If you’ve ever sent an email, made a phone call with VoIP (Voice over IP) technology, or even surfed the internet, you have done a little computer networking. This process plays an integral role in our everyday lives — especially as our lives, our jobs, and our devices become more connected.
Networking allows our computing devices (computers, smartphones, tablets, etc.) to communicate with one another to share information. It also allows our devices to connect to a vast array of Internet of Things (IoT) items, like smart doorbells, bluetooth speakers, smart refrigerators, etc.). But even though anyone with a wifi-enabled phone can use networking, it’s not quite as easy to set up or manage a network. That task usually belongs to IT professionals with lots of experience and expertise.
How do you learn the art of computer networking? It’s all about learning the right lingo, taking the right courses, and getting the hands-on experience that will teach you how to set up your network.
Learn the Key Terms
Before you can actually set up or manage a network, you need to understand some of the terminology involved in computer networking. You’ll hear these terms a lot in your courses and your career, so it’s best to get familiar with them as soon as possible!
Here are a few of the key terms for computer networking:
- LAN: Short for local area network, a LAN is used to connect devices over a short distance. For example, computers in an office building or school are often connected via a LAN
- WAN: Short for wide area network, a WAN is used to connect devices over very long distances, sometimes across countries. The internet is the best example of a massive WAN that spans the entire world.
- MAN: Short for metropolitan area network, a MAN is used to connect devices within a city. City governments use MAN connections for things like their traffic cameras.
- PAN: Short for personal area network, a PAN connects multiple devices that belong to a single person. For example, if you use wifi or bluetooth to connect your phone, your tablet, and your smart fridge, you are using a PAN.
- IP address: Every device that connects to a network has its own signature called an internet protocol address, or IP address. This signature helps the device communicate where it is on the host network so that other devices can share and send information to the device.
- Node: Any device that receives, sends, stores, or creates data can be called a node. Your phone, your computer, and your printer are all nodes, because they all can receive data from another device.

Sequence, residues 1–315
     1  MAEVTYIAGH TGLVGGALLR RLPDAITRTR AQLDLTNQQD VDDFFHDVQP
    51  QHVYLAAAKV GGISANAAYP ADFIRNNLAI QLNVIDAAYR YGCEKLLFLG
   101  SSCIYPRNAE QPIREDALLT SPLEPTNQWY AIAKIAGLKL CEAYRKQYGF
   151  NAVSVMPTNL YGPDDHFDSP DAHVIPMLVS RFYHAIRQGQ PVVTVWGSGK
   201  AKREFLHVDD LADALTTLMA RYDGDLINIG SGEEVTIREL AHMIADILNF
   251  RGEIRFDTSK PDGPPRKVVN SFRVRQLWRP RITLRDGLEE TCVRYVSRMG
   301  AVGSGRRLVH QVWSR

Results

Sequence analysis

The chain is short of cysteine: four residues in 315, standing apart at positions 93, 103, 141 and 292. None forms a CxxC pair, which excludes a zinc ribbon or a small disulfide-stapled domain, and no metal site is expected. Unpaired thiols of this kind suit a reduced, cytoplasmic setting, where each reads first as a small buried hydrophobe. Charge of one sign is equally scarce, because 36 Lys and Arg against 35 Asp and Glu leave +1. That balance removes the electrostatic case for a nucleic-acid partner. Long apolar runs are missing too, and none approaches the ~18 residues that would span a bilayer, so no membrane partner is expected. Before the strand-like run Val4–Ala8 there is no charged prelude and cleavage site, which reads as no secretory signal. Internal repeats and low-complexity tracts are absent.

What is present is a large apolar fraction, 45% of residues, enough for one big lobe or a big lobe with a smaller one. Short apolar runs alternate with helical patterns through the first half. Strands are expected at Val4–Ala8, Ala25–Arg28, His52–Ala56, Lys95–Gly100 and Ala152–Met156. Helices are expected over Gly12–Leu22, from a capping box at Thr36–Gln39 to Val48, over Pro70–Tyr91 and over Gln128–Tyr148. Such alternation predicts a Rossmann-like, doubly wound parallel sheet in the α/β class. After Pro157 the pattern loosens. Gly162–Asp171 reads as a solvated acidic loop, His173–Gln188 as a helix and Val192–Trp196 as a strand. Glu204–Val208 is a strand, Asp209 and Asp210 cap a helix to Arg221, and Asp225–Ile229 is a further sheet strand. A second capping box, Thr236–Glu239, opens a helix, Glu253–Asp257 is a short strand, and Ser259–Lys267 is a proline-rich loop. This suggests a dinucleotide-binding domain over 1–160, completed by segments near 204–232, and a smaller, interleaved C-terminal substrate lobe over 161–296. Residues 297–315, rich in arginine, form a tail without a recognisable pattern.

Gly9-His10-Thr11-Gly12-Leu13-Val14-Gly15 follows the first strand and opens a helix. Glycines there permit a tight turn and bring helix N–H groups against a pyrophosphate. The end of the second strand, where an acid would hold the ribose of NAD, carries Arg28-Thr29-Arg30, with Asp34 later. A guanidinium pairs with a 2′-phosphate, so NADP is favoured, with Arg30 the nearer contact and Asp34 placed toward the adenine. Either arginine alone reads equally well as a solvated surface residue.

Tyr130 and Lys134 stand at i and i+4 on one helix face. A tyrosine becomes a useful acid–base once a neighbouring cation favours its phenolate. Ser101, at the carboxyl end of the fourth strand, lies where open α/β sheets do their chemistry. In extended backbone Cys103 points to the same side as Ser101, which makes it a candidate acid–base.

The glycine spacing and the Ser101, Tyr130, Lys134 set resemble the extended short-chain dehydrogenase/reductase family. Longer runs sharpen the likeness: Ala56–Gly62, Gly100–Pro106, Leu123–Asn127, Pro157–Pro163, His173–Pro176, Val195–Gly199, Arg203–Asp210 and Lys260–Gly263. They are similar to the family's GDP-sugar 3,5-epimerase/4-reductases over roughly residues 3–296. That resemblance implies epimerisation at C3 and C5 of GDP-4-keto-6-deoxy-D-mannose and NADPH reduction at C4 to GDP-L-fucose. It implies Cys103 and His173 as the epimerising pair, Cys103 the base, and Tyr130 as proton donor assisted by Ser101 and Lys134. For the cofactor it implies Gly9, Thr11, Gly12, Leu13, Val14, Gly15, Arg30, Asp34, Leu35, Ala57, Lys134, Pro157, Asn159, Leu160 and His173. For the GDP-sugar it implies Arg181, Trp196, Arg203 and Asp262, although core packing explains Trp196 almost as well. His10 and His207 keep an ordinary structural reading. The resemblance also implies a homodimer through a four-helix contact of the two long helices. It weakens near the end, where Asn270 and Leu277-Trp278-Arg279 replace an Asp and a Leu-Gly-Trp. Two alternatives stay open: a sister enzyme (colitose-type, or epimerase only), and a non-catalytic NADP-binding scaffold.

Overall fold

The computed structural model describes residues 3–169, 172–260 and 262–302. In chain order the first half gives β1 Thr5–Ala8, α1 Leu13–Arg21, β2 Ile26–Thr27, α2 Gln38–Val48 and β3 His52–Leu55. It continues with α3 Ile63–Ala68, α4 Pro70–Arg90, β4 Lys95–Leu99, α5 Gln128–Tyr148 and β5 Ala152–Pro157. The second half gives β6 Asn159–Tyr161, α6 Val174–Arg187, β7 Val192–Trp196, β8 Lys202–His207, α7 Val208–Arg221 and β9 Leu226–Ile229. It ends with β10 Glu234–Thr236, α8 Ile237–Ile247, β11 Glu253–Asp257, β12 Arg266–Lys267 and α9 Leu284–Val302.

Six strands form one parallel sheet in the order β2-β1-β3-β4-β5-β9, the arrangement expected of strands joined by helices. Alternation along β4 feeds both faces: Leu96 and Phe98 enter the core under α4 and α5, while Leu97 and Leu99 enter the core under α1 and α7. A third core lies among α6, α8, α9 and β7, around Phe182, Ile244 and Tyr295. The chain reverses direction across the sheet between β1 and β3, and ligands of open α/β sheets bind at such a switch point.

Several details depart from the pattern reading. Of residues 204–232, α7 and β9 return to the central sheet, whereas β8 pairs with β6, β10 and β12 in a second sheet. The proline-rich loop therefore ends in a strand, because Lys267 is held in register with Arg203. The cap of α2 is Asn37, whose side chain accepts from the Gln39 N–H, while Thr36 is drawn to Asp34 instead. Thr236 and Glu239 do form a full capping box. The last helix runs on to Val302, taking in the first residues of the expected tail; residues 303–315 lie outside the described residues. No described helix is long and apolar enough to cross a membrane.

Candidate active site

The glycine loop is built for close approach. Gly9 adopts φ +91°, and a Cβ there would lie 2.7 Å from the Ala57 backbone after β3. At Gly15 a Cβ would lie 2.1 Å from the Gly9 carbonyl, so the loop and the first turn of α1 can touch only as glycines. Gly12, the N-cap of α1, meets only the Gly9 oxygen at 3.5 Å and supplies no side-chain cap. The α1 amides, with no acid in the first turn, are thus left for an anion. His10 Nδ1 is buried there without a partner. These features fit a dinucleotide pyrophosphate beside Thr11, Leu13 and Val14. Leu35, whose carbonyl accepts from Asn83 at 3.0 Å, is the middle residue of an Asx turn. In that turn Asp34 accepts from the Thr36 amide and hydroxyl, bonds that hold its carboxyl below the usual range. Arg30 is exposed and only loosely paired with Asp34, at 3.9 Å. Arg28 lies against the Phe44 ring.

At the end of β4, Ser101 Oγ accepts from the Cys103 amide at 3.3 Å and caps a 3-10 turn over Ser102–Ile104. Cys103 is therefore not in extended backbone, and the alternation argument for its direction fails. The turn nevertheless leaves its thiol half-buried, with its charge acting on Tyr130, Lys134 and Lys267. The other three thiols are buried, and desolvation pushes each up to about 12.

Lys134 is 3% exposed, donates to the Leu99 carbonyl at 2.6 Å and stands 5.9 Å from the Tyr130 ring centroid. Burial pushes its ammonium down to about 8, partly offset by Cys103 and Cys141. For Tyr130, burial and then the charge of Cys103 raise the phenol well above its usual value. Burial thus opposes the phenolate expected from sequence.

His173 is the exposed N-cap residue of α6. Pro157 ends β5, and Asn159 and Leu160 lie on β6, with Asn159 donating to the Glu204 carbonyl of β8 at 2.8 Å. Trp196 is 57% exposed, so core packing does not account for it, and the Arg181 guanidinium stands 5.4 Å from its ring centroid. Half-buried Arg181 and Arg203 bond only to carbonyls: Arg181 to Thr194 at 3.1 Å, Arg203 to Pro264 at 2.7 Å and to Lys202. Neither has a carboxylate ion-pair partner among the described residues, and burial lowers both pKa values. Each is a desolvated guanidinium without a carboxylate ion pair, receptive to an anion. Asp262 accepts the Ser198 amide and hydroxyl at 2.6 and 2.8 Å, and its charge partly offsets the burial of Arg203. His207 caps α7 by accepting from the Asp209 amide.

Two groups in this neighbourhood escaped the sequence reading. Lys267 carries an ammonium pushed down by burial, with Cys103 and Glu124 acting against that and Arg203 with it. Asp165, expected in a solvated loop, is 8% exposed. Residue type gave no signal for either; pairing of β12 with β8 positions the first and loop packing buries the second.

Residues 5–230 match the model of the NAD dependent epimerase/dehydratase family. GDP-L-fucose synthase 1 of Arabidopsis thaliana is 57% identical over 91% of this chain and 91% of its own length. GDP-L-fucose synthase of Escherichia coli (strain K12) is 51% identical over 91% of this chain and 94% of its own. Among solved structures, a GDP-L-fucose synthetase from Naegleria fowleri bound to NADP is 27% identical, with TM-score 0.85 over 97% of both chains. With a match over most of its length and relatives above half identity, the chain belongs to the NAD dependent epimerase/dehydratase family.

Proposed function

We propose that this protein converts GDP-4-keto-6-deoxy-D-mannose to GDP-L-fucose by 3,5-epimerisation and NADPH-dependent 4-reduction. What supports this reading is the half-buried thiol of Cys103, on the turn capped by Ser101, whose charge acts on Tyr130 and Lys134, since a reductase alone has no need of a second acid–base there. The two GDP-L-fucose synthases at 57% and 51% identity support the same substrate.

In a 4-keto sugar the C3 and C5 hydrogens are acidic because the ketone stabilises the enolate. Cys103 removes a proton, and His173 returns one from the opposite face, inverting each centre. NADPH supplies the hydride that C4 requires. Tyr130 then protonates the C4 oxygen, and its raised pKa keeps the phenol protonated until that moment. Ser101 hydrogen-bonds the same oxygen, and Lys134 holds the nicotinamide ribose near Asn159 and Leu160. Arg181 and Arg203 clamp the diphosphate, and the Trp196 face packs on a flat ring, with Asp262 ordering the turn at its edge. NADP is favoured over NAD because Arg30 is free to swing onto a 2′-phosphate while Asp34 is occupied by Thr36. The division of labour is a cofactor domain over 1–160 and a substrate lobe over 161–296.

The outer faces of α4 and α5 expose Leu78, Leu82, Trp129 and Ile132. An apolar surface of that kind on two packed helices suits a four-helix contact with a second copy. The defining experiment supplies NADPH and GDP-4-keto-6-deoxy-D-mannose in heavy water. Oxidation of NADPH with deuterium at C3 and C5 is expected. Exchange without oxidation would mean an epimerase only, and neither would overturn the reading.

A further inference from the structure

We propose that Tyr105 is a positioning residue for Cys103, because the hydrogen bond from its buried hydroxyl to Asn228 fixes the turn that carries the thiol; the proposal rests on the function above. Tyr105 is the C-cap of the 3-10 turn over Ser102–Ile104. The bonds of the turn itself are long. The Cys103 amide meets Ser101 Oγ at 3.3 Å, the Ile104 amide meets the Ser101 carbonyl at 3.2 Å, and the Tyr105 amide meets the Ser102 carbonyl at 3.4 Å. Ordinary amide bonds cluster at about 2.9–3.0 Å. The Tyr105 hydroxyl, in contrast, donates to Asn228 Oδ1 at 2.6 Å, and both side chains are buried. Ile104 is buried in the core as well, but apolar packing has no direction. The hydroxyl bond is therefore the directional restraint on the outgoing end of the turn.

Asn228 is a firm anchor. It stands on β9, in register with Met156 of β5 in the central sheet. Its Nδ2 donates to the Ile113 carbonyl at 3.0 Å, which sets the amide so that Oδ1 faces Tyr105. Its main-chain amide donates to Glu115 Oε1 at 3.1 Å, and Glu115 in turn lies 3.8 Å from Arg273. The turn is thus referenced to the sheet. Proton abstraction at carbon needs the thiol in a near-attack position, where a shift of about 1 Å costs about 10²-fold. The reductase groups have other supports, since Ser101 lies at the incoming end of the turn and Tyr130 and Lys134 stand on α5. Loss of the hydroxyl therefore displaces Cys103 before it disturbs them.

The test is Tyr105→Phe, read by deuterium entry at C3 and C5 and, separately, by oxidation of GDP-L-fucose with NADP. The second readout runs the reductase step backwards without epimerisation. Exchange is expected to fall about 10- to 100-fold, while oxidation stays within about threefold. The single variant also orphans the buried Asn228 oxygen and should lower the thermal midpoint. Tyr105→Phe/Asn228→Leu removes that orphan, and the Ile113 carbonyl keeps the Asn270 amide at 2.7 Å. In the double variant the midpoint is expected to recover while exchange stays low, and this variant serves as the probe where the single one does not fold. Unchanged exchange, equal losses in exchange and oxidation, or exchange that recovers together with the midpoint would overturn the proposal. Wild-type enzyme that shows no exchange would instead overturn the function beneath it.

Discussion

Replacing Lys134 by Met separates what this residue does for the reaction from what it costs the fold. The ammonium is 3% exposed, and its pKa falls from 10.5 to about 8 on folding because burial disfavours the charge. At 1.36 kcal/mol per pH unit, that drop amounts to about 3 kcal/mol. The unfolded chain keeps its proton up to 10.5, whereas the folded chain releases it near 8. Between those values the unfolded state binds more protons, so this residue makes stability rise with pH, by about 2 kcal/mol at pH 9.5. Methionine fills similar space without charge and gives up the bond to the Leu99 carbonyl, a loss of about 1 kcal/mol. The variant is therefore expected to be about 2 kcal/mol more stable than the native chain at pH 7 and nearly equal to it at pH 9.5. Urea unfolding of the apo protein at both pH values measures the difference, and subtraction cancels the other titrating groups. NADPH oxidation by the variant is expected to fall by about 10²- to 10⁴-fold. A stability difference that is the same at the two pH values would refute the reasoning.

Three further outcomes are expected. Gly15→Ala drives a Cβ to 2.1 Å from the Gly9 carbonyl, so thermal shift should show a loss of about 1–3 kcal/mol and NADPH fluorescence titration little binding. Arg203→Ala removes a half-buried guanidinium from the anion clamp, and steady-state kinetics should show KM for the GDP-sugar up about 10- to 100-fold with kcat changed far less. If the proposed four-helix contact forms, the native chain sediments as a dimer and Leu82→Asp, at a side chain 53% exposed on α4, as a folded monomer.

- Router: Your router is the device that helps “direct traffic” within your network.
Learning the “lingo” for computer networking is a great way to start understanding how it works. However, it’s only the tip of the iceberg. If you want to understand the nuances of networking, you need to take a class on the subject.
You can find classes on computer networking online or at your local university or community college. These courses will teach you about different network types, architecture, and security features you can use to protect your networks. These classes also give you an opportunity to try networking in a safe and structured environment where you can get feedback and tips from your peers and your instructors.
Practice, Practice, and More Practice
Finally, if you want to master networking (either for your career or just for fun), it’s important to get some hands-on experience. Start by downloading apps on your smartphone that help you identify different networks on your device, such as wifi, GPS, and bluetooth. You can even use network scanner apps to identify other potential devices in your PAN, such as your printer or LED lights.
Once you’ve learned how to identify different IP addresses and nodes, you can practice establishing networks by setting up a PAN within your home. This will help you learn how to set up a network, connect nodes to it, and troubleshoot it if any problems arise. We live in a world that’s increasingly connected thanks to the IoT, which means you have plenty of opportunities to test out your new networking skills!
And of course, if you want to learn more about networking from some of the top tech specialists in the industry, you can always check out a class from Legends of Tech. We offer lessons from experts in the tech field, so you can learn from the best on subjects like networking, data science, cyber security, and a whole lot more.
Whether you’re looking to start a career in tech, trying to land that promotion in the IT department, or simply trying to learn something new for home use, our courses can help you learn valuable skills you can use right away.
Interested in learning about data science? Click here to check out our previous blog post.